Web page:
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Case study of a five-year old girl with school refusal behaviour

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Introduction

Case study of a five-year old girl with school refusal behaviour 0638141 Case description Mary, a five year old girl, had been attending her local nursery school successfully for several months. However, for the last four weeks she found it difficult to separate from her mother and refused to attend school so her case was referred to the school psychologist. Her mother and her nursery teacher agreed that her problem began when she had a disturbing dream during nap-time and became agitated when she woke up and realized her mother was not present. Everyday before going to school she began crying and requested not to attend. Subsequently, Mary was forced to attend school and when her mother dropped her to school her teacher had to hold on to her so her mother could leave the classroom. Although she was calm at times through the day she very often started crying and asked for her mother. At home, Mary did not separate from her mother and did not sleep in her own bed. Mary was described by school staff as a quiet child who liked to play alone. ...read more.

Middle

Mary's social and emotional functioning was assessed using the Devereux Behaviour rating Scales-School Form (Naglieri, LeBuffe & Pfeiffer, 1993), which was completed by her mother. This scale includes sub-scales for depression, physical symptoms or fears, interpersonal problems and inappropriate behaviours or feelings. Mary's Total Scale Score was in the "Very Significant" range. Mary was diagnosed with Separation Anxiety Disorder (SAD). She met the criteria for SAD described by the Diagnostic and Statistical Manual of Mental Disorders (American Psychiatric Association, 2000). The school psychologist made the diagnosis based on data collected from interviews with the mother and the school teacher. In addition, the data collected suggested that Mary's school refusal behaviour was motivated by attention-seeking purposes. Shaping, positive reinforcement and extinction were the selected approaches to treat Mary's school refusing behaviour associated with SAD. Mary's mother was taught a muscle relaxation technique with deep breathing that was to be practiced by Mary at bedtime to help her sleep and also to relax when she felt distressed during the day. They were also shown how to separate at the classroom door using adequate phrasing. ...read more.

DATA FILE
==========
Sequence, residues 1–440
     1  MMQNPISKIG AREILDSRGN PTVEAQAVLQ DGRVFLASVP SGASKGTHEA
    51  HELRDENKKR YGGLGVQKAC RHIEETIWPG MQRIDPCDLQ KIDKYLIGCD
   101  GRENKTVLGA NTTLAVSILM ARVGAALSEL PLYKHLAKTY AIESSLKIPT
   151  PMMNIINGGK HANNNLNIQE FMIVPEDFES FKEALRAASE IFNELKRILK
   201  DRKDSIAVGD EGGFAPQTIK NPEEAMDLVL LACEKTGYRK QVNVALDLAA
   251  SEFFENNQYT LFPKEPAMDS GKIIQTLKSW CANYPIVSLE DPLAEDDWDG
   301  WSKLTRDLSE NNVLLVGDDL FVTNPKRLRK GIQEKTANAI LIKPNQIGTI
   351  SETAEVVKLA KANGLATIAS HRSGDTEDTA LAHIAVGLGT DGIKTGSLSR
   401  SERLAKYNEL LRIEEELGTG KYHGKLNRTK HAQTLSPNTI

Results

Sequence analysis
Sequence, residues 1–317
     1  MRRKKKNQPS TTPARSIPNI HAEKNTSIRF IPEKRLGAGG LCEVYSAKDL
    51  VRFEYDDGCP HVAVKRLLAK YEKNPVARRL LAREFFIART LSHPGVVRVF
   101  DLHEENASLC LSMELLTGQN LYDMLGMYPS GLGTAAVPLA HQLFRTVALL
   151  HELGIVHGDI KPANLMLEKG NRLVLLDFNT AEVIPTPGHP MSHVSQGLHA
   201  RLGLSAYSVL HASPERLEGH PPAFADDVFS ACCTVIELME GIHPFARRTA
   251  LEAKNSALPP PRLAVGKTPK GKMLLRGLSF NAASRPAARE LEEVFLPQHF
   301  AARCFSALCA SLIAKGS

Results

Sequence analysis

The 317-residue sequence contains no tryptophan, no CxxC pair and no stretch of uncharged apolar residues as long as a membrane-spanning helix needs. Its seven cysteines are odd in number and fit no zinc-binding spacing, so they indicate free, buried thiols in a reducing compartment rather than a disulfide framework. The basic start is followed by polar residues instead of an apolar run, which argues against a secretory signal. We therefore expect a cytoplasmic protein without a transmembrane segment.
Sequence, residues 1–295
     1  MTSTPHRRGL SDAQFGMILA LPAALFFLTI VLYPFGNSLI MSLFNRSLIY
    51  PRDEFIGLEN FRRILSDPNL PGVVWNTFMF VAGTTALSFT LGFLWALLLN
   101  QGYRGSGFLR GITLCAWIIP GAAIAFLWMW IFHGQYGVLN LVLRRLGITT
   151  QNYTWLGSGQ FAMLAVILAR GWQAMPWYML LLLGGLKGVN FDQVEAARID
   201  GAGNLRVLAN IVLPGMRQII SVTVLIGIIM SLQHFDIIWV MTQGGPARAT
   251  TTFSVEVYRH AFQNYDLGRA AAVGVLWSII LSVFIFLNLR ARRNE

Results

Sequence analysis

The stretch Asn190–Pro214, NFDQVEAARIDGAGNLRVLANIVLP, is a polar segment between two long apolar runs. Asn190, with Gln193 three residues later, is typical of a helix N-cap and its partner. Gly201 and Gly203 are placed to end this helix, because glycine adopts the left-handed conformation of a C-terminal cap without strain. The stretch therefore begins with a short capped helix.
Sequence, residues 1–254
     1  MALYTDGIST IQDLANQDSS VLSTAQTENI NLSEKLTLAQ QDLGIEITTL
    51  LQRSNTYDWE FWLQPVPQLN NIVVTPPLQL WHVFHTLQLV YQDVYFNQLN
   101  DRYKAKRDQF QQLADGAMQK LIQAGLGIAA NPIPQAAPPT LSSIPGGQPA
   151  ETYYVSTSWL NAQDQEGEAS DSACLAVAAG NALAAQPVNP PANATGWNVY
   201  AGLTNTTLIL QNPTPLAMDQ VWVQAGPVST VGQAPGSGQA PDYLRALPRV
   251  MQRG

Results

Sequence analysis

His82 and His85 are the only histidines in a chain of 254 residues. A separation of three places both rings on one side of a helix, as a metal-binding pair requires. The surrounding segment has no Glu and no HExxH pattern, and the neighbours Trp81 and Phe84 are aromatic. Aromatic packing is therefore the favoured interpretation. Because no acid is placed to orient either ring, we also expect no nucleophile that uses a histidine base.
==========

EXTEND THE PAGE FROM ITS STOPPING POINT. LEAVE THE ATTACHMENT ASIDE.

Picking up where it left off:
Conclusion

The mother reported during weekly phone calls the greatest time intervals that Mary could be apart from her during the treatment period. The shaping procedure was considered successful when Mary was able to remain separated from her mother for intervals of twenty minutes as the perception of being away from a parent during this time was comparable to being away for longer periods for a five year old child. The treatment finished after three weeks of successful school attendance. Interviews with the mother and the teacher were conducted for the follow up at four months and twelve months after treatment. The mother reported that Mary was no longer shadowing her or becoming distress when separating at school and that she was also sleeping in her own bed. The teacher confirmed Mary was successfully attending school and was no longer asking for her mother or becoming distressed through the day. She also confirmed Mary and her mother separated in the way reported above. The mother also completed the DSF scale at four and twelve month follow-up and Mary obtain a Total Scale Score in the "normal" range. In addition, Mary did not meet the DSM criteria for SAD at both follow-up points. ...read more.

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